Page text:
06-13-17 The Hazel Box

If the math was correct, next Tuesday would have been my due date, but since all of my children have been c-sections, and they typically schedule those exactly a week before, today would have been the day.

But instead of celebrating a birthday, I am staring at a box that contains all the earthly evidence that Hazel Marie ever existed. The Hazel Box… A pregnancy test, some surgery photos, and the doctor’s report from October 29th.

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I never knew you could miss someone so much that you never met. I never knew the hole that loss would leave. But it’s there, and it’s gaping, and the only thing that soothes it is to know that this isn’t the end, that one day we will meet face to face, and the first thing I will say is “I love you.”

The past few weeks have been incredibly difficult, as this day loomed on the horizon, and me unable to slow it’s approach. But it’s come and it hurt. It was made easier by the friends that reached out to me to make sure that I was ok, that checked in on me to remind me that I am loved. Thank you for that.

This evening I was in a car accident on the way home from work. It wasn’t my fault and it wasn’t serious. There wasn’t much damage, but I’m sore, and probably will be for a few days. The van will need some cosmetic work, but I’m praising God that it wasn’t worse. I’m thankful my children weren’t with me when it happened. I’m thankful the people stopped.

And in reality, I am thankful for a great many things. While my mind often wanders to the empty crib now stored in the attic, I have before me three beautiful, wonderful children, whom I love more than life itself. I have an incredible husband who has walked this painful road with me, has held me when I cried, and coaxed me out when I have spent too long in my own thoughts. I am thankful to a patient heavenly Father who has slowly, but steadily, transformed a terrible situation into evidence of His glory and faithfulness in my life. And I’m thankful for Hazel. She changed me. I’m not the same woman that I was when I woke up on October 29th, for better or worse, I’m different. And I’m not sure what that means and I’m not sure who I am becoming, but I’m eager to find out.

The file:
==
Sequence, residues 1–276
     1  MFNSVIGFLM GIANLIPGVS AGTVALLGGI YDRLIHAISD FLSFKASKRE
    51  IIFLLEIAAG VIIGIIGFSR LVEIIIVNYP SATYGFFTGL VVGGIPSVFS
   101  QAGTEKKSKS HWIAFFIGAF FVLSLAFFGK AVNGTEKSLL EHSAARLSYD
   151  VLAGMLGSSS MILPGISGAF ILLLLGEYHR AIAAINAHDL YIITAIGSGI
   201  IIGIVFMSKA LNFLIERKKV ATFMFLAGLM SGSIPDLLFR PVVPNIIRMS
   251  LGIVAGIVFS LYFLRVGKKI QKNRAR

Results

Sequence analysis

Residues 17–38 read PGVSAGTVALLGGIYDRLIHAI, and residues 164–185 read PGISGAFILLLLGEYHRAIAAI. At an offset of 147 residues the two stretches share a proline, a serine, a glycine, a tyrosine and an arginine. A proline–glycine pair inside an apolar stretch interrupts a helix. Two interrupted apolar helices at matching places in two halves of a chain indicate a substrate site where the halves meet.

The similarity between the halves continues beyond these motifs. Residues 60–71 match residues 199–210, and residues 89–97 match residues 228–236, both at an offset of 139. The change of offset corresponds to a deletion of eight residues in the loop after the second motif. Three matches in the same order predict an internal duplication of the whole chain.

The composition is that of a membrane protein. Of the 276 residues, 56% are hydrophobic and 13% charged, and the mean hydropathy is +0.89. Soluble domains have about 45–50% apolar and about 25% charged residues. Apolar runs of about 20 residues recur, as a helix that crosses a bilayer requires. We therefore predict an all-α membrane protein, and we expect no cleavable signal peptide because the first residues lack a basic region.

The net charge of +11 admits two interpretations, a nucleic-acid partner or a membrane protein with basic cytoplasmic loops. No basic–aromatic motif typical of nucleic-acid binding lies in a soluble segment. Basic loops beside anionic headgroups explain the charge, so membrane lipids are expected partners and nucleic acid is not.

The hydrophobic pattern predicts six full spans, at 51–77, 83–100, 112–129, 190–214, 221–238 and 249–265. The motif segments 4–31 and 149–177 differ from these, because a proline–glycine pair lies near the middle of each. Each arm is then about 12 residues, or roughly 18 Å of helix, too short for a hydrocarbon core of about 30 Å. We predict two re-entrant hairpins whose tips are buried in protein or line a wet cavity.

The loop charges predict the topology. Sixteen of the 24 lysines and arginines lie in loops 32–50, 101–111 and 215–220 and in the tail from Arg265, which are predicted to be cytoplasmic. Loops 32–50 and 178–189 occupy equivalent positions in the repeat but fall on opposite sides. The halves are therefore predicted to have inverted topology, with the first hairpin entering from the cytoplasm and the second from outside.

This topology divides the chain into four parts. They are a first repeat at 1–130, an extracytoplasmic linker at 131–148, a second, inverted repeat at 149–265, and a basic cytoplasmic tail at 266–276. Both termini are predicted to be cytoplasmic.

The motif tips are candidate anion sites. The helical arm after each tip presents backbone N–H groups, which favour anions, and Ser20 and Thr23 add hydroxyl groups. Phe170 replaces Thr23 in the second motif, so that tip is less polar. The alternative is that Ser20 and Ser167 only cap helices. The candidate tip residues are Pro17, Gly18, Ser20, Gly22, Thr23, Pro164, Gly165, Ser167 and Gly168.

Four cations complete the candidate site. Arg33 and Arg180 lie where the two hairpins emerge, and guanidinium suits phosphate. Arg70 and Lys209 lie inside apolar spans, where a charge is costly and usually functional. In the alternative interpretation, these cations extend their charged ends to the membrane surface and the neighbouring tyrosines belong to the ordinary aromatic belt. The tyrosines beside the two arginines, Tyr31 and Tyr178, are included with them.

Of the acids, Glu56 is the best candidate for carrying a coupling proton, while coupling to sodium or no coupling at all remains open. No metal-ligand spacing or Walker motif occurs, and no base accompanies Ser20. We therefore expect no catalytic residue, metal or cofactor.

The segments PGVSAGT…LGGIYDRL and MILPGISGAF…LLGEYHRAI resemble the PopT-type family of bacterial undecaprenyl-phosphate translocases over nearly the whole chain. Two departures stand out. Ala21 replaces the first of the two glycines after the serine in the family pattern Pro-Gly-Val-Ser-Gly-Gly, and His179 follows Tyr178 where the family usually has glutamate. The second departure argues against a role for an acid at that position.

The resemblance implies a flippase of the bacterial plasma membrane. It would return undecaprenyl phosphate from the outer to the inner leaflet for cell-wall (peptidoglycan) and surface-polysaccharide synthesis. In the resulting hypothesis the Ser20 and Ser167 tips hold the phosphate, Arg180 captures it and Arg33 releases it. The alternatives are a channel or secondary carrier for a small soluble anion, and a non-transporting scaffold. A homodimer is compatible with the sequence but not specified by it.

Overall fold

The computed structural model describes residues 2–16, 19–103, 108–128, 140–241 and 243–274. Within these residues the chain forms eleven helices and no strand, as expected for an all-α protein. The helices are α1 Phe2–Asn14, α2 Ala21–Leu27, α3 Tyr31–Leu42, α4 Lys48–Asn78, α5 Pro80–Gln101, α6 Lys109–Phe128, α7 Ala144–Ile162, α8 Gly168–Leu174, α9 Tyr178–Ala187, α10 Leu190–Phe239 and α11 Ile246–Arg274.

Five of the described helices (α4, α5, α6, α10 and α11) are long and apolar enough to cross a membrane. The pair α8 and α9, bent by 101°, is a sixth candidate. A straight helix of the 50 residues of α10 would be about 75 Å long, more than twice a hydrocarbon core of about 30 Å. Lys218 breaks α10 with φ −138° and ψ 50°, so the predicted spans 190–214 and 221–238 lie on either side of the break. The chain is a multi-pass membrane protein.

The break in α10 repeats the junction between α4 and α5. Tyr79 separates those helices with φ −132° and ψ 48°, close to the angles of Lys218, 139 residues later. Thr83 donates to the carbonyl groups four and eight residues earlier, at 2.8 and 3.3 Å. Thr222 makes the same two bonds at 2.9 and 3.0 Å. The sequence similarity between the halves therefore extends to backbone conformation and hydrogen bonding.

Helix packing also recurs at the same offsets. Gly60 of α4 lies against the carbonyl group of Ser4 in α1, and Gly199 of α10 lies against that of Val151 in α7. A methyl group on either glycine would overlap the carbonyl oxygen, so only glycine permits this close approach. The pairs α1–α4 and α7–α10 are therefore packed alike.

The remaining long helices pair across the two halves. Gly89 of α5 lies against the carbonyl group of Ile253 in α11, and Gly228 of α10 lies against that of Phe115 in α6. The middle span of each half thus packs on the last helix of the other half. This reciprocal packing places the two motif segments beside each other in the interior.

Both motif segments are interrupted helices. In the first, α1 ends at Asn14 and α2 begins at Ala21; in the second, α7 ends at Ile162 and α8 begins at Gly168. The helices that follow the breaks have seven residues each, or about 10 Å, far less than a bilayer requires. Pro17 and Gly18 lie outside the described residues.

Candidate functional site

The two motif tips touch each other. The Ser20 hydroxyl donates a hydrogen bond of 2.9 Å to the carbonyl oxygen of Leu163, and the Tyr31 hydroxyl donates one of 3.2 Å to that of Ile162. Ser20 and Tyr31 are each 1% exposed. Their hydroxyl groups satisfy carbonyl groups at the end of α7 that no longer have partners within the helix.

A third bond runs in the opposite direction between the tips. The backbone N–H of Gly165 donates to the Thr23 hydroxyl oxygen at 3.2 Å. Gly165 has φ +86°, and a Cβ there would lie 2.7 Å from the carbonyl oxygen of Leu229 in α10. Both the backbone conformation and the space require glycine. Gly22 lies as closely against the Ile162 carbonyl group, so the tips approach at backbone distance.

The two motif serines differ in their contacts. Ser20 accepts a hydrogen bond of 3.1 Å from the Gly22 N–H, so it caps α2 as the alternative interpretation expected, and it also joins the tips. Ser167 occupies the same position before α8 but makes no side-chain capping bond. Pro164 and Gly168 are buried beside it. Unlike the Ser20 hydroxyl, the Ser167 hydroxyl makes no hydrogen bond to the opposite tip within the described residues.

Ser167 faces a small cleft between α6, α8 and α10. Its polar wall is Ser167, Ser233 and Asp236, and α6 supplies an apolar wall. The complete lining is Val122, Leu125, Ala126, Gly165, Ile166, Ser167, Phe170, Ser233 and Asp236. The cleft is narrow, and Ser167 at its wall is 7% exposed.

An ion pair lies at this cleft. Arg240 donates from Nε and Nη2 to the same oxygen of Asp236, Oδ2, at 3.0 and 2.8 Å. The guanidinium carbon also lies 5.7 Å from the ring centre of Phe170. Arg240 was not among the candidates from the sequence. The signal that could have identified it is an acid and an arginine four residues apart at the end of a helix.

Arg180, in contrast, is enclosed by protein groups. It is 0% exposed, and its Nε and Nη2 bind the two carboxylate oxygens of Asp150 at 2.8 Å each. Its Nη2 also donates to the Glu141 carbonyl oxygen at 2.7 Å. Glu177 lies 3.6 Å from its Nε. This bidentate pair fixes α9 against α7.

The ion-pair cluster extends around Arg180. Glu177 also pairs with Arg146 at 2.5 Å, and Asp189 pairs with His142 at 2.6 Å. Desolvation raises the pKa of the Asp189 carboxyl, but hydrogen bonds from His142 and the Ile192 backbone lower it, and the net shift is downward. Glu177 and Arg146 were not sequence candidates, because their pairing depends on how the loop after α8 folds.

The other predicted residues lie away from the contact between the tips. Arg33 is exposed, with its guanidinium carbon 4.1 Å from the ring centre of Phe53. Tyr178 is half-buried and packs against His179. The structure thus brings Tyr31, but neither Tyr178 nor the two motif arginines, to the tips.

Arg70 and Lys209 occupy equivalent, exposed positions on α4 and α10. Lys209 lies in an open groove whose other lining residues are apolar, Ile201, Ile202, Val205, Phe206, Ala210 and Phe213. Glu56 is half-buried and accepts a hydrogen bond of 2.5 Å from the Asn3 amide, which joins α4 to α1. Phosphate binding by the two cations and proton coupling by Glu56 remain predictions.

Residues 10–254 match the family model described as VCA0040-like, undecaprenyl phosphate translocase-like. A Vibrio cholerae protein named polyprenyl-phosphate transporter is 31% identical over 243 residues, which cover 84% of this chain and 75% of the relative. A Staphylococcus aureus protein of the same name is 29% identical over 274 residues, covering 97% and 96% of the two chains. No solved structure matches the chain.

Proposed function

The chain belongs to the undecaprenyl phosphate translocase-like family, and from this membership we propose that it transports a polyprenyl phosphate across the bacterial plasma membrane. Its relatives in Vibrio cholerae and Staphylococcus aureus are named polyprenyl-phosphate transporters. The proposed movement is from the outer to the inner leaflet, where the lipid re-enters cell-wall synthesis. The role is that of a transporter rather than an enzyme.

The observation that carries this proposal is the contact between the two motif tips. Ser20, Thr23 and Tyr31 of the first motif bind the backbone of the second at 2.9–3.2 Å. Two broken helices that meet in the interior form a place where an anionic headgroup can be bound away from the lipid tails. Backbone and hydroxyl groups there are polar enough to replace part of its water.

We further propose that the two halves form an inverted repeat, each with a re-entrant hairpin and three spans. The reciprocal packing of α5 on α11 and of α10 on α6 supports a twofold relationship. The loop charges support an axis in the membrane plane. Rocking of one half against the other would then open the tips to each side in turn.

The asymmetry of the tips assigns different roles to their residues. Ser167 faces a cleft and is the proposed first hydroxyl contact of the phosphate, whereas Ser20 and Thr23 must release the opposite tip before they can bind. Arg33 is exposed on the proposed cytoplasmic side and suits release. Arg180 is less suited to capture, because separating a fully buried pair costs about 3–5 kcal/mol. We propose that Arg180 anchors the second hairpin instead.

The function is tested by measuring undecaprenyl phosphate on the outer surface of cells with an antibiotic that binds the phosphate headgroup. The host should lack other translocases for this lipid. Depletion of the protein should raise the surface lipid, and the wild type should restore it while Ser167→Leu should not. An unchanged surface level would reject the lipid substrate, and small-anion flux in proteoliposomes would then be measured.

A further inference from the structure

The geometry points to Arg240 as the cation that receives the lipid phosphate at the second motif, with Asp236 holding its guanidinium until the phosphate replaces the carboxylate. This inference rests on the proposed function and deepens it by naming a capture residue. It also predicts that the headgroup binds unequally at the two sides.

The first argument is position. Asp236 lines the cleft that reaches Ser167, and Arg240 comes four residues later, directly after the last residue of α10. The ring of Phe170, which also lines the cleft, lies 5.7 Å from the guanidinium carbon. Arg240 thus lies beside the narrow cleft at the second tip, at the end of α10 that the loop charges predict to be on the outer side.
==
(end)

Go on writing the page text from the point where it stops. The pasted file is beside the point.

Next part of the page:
The LORD is near to the brokenhearted and saves those who are crushed in spirit. Psalm 34:18 (NASB)

 

04-21-17 “I wish…”

“I wish we were a family of four kids,” Big E said ruefully as he was getting dressed this morning. “I wish there was another kid.”

“I do too, buddy,” I responded.

“Can we have another kid?” He asked me.

“I’m not sure. Mommy’s not the one that decides these things. God makes that decision.”

“Oh,” he said. I turned and walked out of the room as I felt the lump in my throat. “I just know we are never going to have another baby,” he called after me. I flopped down on my bed and closed my eyes.

After the ectopic, Tim and I discussed about what we would say to the kids. We decided to tell C, but we chose not to tell Big E until he is older. Our conversation with C went very well, but she has never really brought it up since then. I’m wondering now if we should have told Big E, but he is such a sensitive kid I didn’t want him so upset over something he couldn’t fix and couldn’t really grasp.

Every once in awhile I go online and check a pregnancy calculator to see how far along I would have been if I hadn’t miscarried. That probably isn’t the smartest decision, but when I’m sad I catch myself doing it. Today I would have been 31 weeks and 3 days along.

Tim took the crib down the other day and put it in the attic for storage. He had warned me he was going to do it, but I wasn’t prepared for how sad it would make me to walk into Baby E’s room and see the empty space it once occupied.

I wish I had a better answer for Big E this morning. I wish I could have held him and told him it would happen. But I don’t know. Maybe it will, maybe it won’t. But whatever God’s will is for our family, I know His plan and His timing are perfect, and in Him we can find the peace that passes understanding.

03-15-17 Remembering

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I distinctly remember the sound of the bed being wheeled down the hallway, briskly, but not with the same urgency that had taken us to the ultrasound room in the first place. Tim was walking beside me, his eyes cast down, his gait heavy. The automatic doors cranked open and shut as we weaved our way through the hallways back to the Emergency Room. They wheeled my bed back into my room, the nurse said something I don’t think I ever heard and then she left. As the curtain stopped swaying and the door slid shut, Tim crawled into the bed next to me and pulled me closer to him. I laid my head on his chest.

I knew he had seen the ultrasound screen, that he knew the truth… but he didn’t offer it and I didn’t ask. I would know soon enough. I wanted to hold on for as long as I could to the hope, be it ever the slightest glimmer, that my child would survive. And try as I did to believe my lie, there were tears in his eyes that betrayed what I feared.

So we sat there in silence.

 

I’m not sure why that surfaced tonight. That’s the strange thing about grief, it ebbs and flows with little reason.